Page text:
We performed sBLISS following the same protocol that we previously described in detail11. Briefly, we started by lysing the cell membrane in a lysis buffer containing 10 mM Tris-HCl/10 mM NaCl/1 mM EDTA/0.2% Triton X-100 pH 8 and incubated the samples for 60 min on ice. We then pelleted the cells at 150 × g for 5 min at room temperature, removed the supernatant, resuspended them in a permeabilization buffer consisting of 10 mM Tris-HCl/150 mM NaCl/1 mM EDTA/0.3% SDS pH 8 pre-warmed at 37 °C, and incubated the samples for 60 min at 37 °C. Next, we pelleted the cells at 150 × g for 5 min at room temperature, washed them twice with CutSmart Buffer (New England Biolabs)/0.1% Triton X-100 pre-warmed at 37 °C. To convert DSBs containing overhangs into a form that can be ligated to blunt adapters, we used the Quick Blunting Kit (New England Biolabs) and resuspended the cells in a final blunting reaction volume of 100 μL, followed by 60 min incubation at room temperature. We then washed the cells with CutSmart Buffer/0.1% Triton X-100 at room temperature and proceeded to in situ ligation of sBLISS adapters to the blunted DSB ends. For ligation we used 25 Weiss units (U) of 5 U/μL T4 DNA Ligase (ThermoFisher Scientific) and incubated the cells at 16 °C for 20–24 hours in a 100 μL ligation reaction mix containing 3 μL of 50 mg/mL BSA (ThermoFisher Scientific) and 12 μL of 10 mM ATP (ThermoFisher Scientific). For a sample containing ~106 cells, we used 4 μL of sBLISS adapter at 10 μM prepared as we described before11. The complete list of the sBLISS adapters used to generate the datasets described here is available in Supplementary Table 2. After overnight ligation, we washed the cells twice with CutSmart Buffer/0.1% Triton X-100 at room temperature, and then extracted gDNA by resuspending the cells in 100 μL DNA extraction buffer containing 10 mM Tris-HCl/100 mM NaCl/50 mM EDTA/1% SDS pH 7.5 and adding 10 μL per sample of 800 U/mL Proteinase K (New England Biolabs). We incubated the samples for 14–18 h at 55 °C in a thermal mixer set at 800 shakes-per-minute, followed by addition of 10 μL of fresh Proteinase K the next morning and continuing the incubation for 1 hour. We then heat-inactivated the Proteinase K for 10 min at 95 °C and extracted gDNA using a 25/24/1 (vol./vol./vol.) solution of Phenol-Chloroform-Isoamyl Alcohol with 10 mM Tris pH 8.0, 1 mM EDTA (Sigma-Aldrich) and Chloroform (Merck), followed by ethanol precipitation. After drying, we dissolved the DNA pellets in 102 μL of Tris-EDTA by placing the tubes in a thermal mixer set to 50 °C for 15 min while shaking at 1,100 shakes-per-minute. After cooling the samples to 4 °C, we sonicated 100 μL of each sample using BioRuptor Plus (Diagenode) with the following settings: 30 sec on, 60 sec off, high intensity, 30 cycles. We concentrated the sonicated gDNA samples using AMPure XP beads (Beckman Coulter) and assessed the fragment size using a BioAnalyzer 2100 (Agilent Technologies). We aimed at obtaining gDNA fragments with sizes ranging from 300 to 800 bp, with a peak around 400–600 bp. We stored the sonicated and purified gDNA samples at –20 °C until we performed in vitro transcription (IVT) and library preparation. For IVT, we used 90–300 ng of each sonicated gDNA sample (see Supplementary Table 1 for the exact amount used for each sample) and the MEGAscript T7 Transcription Kit (Thermo Fisher Scientific) following the manufacturer’s instructions, with the exception that we carried out all reactions for 14 hours at 37 °C after adding RiboSafe RNAse Inhibitor (Bioline) to each sample. Upon IVT completion, we degraded the gDNA by adding 2 U of RNase-free DNAse I (Thermo Fisher Scientific) to each sample and purified the amplified RNA (aRNA) with RNAClean XP beads (Beckman Coulter). Next, we ligated each aRNA sample to the Illumina RA3 adapter (purchased from Integrated DNA Technologies) using T4 RNA Ligase 2 (New England Biolabs) and incubated the samples for 2 hours at 25 °C. Thereafter, we reverse transcribed the ligated aRNA using the Illumina RTP primer (purchased from Integrated DNA Technologies) and SuperScript IV Reverse Transcriptase (Thermo Fisher Scientific), by following the manufacturer’s instructions except for the incubation time, which we extended to 50 min at 50 °C followed by 10 min heat-inactivation at 80 °C. To prevent RNAse activity, we added RNaseOUT (Thermo Fisher Scientific) during the RA3 adapter ligation and during the reverse transcription. We amplified the resulting libraries using NEBNext Ultra II Q5 Master Mix (New England Biolabs), the Illumina RP1 primer (purchased from Integrated DNA Technologies), and one of the Illumina RPIX index primers (purchased from Integrated DNA Technologies), by performing 8 PCR cycles in 400 μL split into 8 PCR tubes to increase library complexity. The sequences of the RT, RP1 and RPIX primers used to generate the datasets described here are available in Supplementary Table 2. After PCR, we purified and size-selected the libraries using two-sided AMPure XP bead (Beckman Coulter) purification, aiming at obtaining libraries with a fragment size ranging between 300 and 900 bp. We assessed the final libraries on a BioAnalyzer High Sensitivity DNA chip (Agilent Technologies) and quantified them using the Qubit dsDNA HS Assay kit (Thermo Fisher Scientific). We sequenced all the libraries on a NextSeq 500 machine (Illumina) using the NextSeq 500/550 High Output Kit v2 (Illumina), performing 75 sequencing cycles and additional 6 cycles for index sequencing. We sequenced multiple indexed sBLISS libraries together aiming at obtaining ~25 million reads per library.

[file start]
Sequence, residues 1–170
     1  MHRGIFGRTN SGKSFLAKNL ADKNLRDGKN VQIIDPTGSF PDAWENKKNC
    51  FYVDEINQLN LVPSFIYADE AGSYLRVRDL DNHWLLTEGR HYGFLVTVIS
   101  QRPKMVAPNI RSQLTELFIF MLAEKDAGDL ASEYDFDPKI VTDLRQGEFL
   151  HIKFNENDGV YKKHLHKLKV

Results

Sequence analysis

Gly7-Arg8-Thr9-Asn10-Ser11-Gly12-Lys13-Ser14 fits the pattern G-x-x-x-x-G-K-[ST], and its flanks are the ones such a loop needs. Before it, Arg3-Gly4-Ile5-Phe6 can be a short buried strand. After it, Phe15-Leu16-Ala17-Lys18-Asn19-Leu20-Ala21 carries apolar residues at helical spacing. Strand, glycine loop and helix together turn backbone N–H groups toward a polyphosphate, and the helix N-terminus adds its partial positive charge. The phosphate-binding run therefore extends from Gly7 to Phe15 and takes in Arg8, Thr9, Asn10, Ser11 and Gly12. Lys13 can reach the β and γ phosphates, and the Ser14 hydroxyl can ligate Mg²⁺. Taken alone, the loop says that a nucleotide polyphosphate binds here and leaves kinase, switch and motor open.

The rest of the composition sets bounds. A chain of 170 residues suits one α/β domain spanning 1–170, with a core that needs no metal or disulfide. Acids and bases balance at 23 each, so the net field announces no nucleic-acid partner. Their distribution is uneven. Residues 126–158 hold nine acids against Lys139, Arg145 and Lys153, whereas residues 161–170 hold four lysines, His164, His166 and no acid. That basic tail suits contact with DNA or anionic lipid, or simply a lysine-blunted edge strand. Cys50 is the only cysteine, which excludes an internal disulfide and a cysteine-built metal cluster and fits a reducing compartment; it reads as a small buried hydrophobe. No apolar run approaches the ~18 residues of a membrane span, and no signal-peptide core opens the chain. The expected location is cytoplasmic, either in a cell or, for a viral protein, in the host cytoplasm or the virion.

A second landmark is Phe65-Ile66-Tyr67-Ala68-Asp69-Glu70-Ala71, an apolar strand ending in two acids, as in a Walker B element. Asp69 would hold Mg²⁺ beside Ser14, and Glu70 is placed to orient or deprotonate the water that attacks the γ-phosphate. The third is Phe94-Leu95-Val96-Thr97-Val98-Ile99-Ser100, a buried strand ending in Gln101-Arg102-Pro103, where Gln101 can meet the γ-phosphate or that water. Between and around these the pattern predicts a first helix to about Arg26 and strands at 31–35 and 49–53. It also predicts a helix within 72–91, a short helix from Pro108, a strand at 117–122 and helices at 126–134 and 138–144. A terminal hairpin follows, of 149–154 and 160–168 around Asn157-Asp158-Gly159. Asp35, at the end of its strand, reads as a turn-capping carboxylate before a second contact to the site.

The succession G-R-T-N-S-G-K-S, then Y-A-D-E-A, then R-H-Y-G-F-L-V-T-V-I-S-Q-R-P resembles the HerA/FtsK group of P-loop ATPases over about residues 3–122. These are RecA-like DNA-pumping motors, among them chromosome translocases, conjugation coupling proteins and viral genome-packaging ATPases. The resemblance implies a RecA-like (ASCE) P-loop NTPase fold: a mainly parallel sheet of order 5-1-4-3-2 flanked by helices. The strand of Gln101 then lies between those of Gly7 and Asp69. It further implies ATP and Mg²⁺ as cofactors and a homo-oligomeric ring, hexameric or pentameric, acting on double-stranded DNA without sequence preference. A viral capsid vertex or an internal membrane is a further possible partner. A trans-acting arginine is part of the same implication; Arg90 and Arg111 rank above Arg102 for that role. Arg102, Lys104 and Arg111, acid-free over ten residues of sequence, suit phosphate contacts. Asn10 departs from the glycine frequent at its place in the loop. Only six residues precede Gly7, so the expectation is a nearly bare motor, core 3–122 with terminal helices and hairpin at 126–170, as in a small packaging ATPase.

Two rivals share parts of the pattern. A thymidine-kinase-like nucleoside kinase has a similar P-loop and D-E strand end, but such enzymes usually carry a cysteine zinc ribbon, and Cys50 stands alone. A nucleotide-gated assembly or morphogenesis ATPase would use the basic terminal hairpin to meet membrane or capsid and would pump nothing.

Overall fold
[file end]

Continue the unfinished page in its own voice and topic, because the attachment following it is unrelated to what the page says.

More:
After sequencing, we demultiplexed the raw data based on index sequences using Illumina’s BaseSpace and retrieved the corresponding FASTQ files. We processed the raw sequencing reads using the sBLISS pipeline that we previously described in detail11. Briefly, the pipeline first selects reads containing the expected sBLISS prefix comprised of the unique molecular identifier (UMI; 8 nucleotides, nt) and the sample barcode (BC; 8 nt) using SAMtools20 (v1.10) and Scan for Matches21, allowing at most one mismatch in the barcode. The pipeline then clips the prefixes off and stores them, while the trimmed reads are aligned to the human reference genome (GRCh37/hg19) using BWA-MEM22 (v0.7.17-r1188) with default options. Afterwards, the pipeline discards the reads with mapping quality scores lower than 30 and removes PCR duplicates by searching for adjacently mapped reads (at most 10 bp apart along the reference genome) with at most one mismatch in their UMI sequence. Finally, the pipeline returns a list of unique DSB locations and the corresponding number of unique UMIs identified at each position, which we used for all downstream analyses described below. To visualize the distribution of DSBs along selected genes, we uploaded the corresponding BED files to the UCSC Genome Browser (https://genome.ucsc.edu/cgi-bin/hgTracks) and selected the squish display mode in the Track Settings.